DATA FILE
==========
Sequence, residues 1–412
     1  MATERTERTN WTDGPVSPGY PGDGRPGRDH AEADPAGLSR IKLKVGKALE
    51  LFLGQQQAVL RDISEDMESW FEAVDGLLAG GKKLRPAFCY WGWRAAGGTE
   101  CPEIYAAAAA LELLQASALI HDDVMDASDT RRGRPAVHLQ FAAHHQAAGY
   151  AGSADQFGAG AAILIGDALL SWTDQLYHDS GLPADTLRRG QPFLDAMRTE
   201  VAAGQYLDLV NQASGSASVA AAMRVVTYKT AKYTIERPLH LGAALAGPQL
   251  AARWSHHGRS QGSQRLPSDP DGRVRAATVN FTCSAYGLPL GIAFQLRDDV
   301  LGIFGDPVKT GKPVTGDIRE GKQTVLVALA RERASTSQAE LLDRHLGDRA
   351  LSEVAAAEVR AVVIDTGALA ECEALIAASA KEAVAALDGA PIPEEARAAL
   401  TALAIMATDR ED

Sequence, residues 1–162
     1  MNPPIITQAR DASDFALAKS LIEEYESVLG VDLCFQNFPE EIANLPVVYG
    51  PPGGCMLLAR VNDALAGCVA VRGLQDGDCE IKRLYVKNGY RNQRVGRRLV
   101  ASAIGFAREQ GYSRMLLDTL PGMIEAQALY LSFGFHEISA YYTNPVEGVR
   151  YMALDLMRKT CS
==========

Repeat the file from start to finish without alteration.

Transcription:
Sequence, residues 1–412
     1  MATERTERTN WTDGPVSPGY PGDGRPGRDH AEADPAGLSR IKLKVGKALE
    51  LFLGQQQAVL RDISEDMESW FEAVDGLLAG GKKLRPAFCY WGWRAAGGTE
   101  CPEIYAAAAA LELLQASALI HDDVMDASDT RRGRPAVHLQ FAAHHQAAGY
   151  AGSADQFGAG AAILIGDALL SWTDQLYHDS GLPADTLRRG QPFLDAMRTE
   201  VAAGQYLDLV NQASGSASVA AAMRVVTYKT AKYTIERPLH LGAALAGPQL
   251  AARWSHHGRS QGSQRLPSDP DGRVRAATVN FTCSAYGLPL GIAFQLRDDV
   301  LGIFGDPVKT GKPVTGDIRE GKQTVLVALA RERASTSQAE LLDRHLGDRA
   351  LSEVAAAEVR AVVIDTGALA ECEALIAASA KEAVAALDGA PIPEEARAAL
   401  TALAIMATDR ED

Sequence, residues 1–162
     1  MNPPIITQAR DASDFALAKS LIEEYESVLG VDLCFQNFPE EIANLPVVYG
    51  PPGGCMLLAR VNDALAGCVA VRGLQDGDCE IKRLYVKNGY RNQRVGRRLV
   101  ASAIGFAREQ GYSRMLLDTL PGMIEAQALY LSFGFHEISA YYTNPVEGVR
   151  YMALDLMRKT CS